June 12, 2014
1 min read

BLOG: Surgical challenges in the management of lens coloboma

You've successfully added to your alerts. You will receive an email when new content is published.

Click Here to Manage Email Alerts

We were unable to process your request. Please try again later. If you continue to have this issue please contact customerservice@slackinc.com.

Read more from Priya Narang

The term coloboma is derived from the Greek word “Koloboma,” which means “hole.” Coloboma of lens is usually unilateral, but in some cases bilateral and double coloboma may be present. The zonules may be mal-developed, which may be due either to typically incomplete closure of the optic vesicle, or to persistent remnants of fibrovascular sheath of the lens interfering with development of zonules.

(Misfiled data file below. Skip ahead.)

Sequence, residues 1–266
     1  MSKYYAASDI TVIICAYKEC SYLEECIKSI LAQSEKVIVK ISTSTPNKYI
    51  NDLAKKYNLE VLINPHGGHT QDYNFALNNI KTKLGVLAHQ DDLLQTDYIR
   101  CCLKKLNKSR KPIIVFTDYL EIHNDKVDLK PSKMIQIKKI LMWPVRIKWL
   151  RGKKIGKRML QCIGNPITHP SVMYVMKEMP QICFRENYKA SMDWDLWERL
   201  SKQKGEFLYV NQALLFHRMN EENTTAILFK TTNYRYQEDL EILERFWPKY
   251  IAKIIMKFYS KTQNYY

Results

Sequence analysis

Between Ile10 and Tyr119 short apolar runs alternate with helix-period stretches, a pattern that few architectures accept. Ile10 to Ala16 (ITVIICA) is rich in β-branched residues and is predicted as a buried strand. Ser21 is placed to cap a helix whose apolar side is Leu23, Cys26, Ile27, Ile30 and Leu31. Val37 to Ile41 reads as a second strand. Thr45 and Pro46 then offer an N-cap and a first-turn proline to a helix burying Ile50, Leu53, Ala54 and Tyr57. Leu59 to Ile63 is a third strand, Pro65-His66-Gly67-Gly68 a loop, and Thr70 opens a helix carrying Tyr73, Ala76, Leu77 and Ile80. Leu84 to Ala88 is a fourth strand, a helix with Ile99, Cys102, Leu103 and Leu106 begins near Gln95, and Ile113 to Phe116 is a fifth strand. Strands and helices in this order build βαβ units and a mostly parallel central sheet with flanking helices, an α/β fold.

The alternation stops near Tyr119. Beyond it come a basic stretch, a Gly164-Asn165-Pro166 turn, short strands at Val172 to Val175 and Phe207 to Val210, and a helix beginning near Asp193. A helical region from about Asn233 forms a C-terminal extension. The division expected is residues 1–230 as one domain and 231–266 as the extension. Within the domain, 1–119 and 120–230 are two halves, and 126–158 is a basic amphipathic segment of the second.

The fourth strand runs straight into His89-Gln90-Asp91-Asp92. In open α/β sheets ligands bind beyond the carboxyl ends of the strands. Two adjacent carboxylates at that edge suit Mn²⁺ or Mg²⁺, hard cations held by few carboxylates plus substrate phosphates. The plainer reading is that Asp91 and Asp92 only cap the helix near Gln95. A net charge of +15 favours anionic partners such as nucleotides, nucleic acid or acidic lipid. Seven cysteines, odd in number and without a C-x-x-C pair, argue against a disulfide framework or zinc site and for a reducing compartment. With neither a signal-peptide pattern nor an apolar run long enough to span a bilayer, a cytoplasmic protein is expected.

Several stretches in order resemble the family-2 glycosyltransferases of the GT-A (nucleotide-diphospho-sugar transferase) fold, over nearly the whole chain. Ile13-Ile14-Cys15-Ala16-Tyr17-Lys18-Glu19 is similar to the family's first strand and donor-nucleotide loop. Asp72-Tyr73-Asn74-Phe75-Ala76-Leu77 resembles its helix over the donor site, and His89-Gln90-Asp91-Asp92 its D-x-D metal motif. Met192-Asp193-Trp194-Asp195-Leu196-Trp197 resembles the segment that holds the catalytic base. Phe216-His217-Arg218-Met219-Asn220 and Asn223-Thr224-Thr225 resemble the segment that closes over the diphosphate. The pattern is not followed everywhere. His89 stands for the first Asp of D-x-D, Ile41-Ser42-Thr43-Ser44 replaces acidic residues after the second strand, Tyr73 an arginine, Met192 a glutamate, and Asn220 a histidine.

Coloboma may occur as an isolated defect or as a feature of a variety of single-gene disorders, chromosomal syndromes or malformation syndromes. Although not classically associated with Marfan syndrome, colobomas have been described in several reports of Marfan syndrome, typically involving the lens and rarely involving other ocular structures. A lens coloboma is not a true coloboma; it is just a zonular absence that causes a defect in the lens equator and, hence, a more spherical lens.

These cases require adequate preoperative workup in the form of posterior segment examination and calculation of the corrective IOL power, as these cases may be associated with colobomas of the macula and optic disc. The IOL power calculation in such cases is often guided by the patient’s refraction and by measuring the distance to the patient’s preferred fixation. Patients often present with poor vision resulting from peripheral lenticular astigmatism and glare. Get the whole story